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1093 A novel IL12-based immunocytokine targeting fibroblast activation protein (FAP) for the treatment of cancer
  1. Lisa Nadal1,
  2. Frederik Peissert1,
  3. Abdullah Elsayed1,
  4. Tobias Weiss2,
  5. Thomas Look2,
  6. Michael Weller2,
  7. Geny Piro3,
  8. Carmine Carbone3,
  9. Giampaolo Tortora3,
  10. Mattia Matasci1,
  11. Nicholas Favalli1,
  12. Riccardo Corbellari1,
  13. Cesare Di Nitto1,
  14. Eleonora Prodi1,
  15. Chiara Libbra4,
  16. Simone Galeazzi4,
  17. Claudiopietro Carotenuto4,
  18. Cornelia Halin5,
  19. Emanuele Puca1,
  20. Dario Neri4 and
  21. Roberto De Luca1
  1. 1Philochem AG, Otelfingen, Switzerland
  2. 2University Hospital Zurich, Zürich, Switzerland
  3. 3Catholic University of the Sacred Heart, Rome, Italy
  4. 4Philogen S.p.A, Siena, Italy
  5. 5ETH Zurich, Zurich, Switzerland


Background Fibroblast Activation Protein (FAP) has been described as the “next billion-dollar nuclear theranostics target”1, since more than 28 different tumor types have successfully been imaged in patients with radiolabeled FAP ligands. 2-3 FAP can be found in the tumor microenvironment (TME) of most malignant solid tumors, while being absent in most healthy tissues. Thus, it is an attractive target for both imaging and therapeutic applications. Monoclonal antibodies targeting TME antigens have been considered for the delivery of bioactive payloads, such as proinflammatory cytokines. Antibody-cytokine fusions (also called immunocytokines) may exploit the tumor-homing properties of the antibody moiety, in order to concentrate the cytokine payload at the site of disease and enhance the therapeutic index.4 Interleukin-12 (IL12) have been extensively studied in oncology. IL12 strongly promotes NK cells, CD4+ and CD8+ T cells to produce interferon-gamma (IFN-g), one of the most relevant mediators of anti-cancer immunity.5

Methods In this work, we describe the generation of a novel anti-FAP antibody, called 7NP2. The tumor recognition properties of the antibody were validated by immunofluorescence procedures performed on cancer biopsies from human patients. A fusion protein consisting of the 7NP2 antibody linked to interleukin-12 was generated and the anti-cancer activity of the murine surrogate product (named mIL12-7NP2) was evaluated in mouse models. To prepare for future clinical trials, a fusion protein consisting of human IL12 linked to the 7NP2 antibody was further investigated in a toxicology study in Cynomolgus monkeys.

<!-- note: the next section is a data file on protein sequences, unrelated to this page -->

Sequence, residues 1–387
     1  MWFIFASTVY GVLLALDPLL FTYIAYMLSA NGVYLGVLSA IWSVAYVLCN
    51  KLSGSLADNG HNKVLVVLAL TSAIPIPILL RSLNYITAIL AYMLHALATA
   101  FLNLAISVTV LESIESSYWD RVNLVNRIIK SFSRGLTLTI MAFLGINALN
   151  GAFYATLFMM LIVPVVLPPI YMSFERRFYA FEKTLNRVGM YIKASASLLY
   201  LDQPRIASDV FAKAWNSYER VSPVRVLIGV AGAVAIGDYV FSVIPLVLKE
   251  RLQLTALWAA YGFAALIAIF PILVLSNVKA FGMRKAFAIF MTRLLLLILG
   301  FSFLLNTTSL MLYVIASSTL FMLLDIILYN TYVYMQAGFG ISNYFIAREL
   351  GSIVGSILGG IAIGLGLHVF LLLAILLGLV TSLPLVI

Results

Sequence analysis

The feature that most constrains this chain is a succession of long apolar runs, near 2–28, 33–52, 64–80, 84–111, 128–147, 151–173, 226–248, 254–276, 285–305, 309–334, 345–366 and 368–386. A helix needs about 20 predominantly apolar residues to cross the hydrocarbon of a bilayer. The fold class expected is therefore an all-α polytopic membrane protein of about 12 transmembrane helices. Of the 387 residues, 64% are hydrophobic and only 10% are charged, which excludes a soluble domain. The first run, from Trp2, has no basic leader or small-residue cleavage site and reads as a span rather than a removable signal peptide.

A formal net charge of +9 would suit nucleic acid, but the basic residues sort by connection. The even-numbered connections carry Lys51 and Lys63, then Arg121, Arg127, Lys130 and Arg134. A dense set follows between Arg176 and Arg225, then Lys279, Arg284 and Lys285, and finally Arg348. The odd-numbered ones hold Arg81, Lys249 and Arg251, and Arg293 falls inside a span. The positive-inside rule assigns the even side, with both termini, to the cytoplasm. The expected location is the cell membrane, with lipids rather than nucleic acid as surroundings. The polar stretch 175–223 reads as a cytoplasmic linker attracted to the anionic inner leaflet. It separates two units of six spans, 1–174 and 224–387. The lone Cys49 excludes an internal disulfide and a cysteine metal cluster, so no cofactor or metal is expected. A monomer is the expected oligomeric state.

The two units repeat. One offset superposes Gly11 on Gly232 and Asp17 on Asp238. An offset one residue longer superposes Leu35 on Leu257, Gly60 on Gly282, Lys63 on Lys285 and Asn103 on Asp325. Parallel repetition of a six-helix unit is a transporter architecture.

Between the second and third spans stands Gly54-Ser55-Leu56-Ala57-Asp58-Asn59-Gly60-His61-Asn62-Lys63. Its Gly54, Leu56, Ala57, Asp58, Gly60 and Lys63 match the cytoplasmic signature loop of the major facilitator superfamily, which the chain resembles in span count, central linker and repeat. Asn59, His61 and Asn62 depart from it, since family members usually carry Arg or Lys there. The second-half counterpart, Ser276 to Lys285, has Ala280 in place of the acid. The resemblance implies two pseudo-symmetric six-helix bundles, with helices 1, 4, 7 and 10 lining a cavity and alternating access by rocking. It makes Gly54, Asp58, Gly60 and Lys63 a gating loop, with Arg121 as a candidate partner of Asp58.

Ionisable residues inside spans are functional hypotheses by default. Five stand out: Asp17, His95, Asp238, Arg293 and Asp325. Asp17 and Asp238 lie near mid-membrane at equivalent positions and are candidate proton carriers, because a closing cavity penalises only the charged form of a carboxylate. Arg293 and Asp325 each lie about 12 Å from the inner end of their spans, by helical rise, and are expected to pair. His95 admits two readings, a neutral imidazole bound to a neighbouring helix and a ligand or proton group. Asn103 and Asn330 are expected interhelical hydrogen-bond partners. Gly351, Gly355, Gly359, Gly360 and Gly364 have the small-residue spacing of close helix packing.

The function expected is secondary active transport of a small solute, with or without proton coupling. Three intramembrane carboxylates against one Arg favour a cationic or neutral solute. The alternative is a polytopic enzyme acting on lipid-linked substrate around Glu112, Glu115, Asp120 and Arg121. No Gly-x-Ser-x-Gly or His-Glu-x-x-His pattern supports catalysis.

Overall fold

Results Biodistribution analysis in tumor bearing mice confirmed the ability of the product to selectively localize to solid tumors while sparing healthy organs. Encouraged by these results, therapy studies were conducted in vivo, showing a potent anti-tumor activity in immunocompetent and immunodeficient mouse models of cancer, both as single agent and in combination with immune checkpoint inhibitors. The fully human product was tolerated when administered to non-human primates.

Conclusions The results obtained in this work provided a rationale for future clinical translation activities using IL12-7NP2.


  1. Calais J. FAP: The next billion dollar nuclear theranostics target?. Journal of Nuclear Medicine 2020;61(2). doi:10.2967/jnumed.119.241232.

  2. Kratochwil C, et al, 68Ga-FAPI PET/CT: Tracer uptake in 28 different kinds of cancer. Journal of Nuclear Medicine 2019;60(6). doi: 10.2967/jnumed.119.227967.

  3. Backhaus P, et al.Translational imaging of the fibroblast activation protein (FAP) using the new ligand [68Ga]Ga-OncoFAP-DOTAGA. European Journal of Nuclear Medicine and Molecular Imaging 2022;49(6). doi:10.1007/s00259-021-05653-0.

  4. Neri D. Antibody–Cytokine Fusions: Versatile Products for the Modulation of Anticancer Immunity. Cancer Immunology Research 2019. doi: 10.1158/2326-6066.CIR-18-0622.

  5. Puca E, et al. The antibody-based delivery of interleukin-12 to solid tumors boosts NK and CD8+ T cell activity and synergizes with immune checkpoint inhibitors. International Journal of Cancer 2019. doi:10.1002/ijc.32603.

Ethics Approval Mouse experiments were performed under a project license (license number 04/2018) granted by the Veterinäramt des Kantons Zürich, Switzerland, in compliance with the Swiss Animal Protection Act (TSchG) and the Swiss Animal Protection Ordinance (TSchV).

Procedures on Cynomolgus monkeys (including housing, health monitoring, restrain, dosing, etc) and ethical revision were performed according to the current Italian legislation (Legislative Decree March 4th, 2014 n. 26) enforcing the 2010/63/EU Directive on the protection of animals used for biomedical research.

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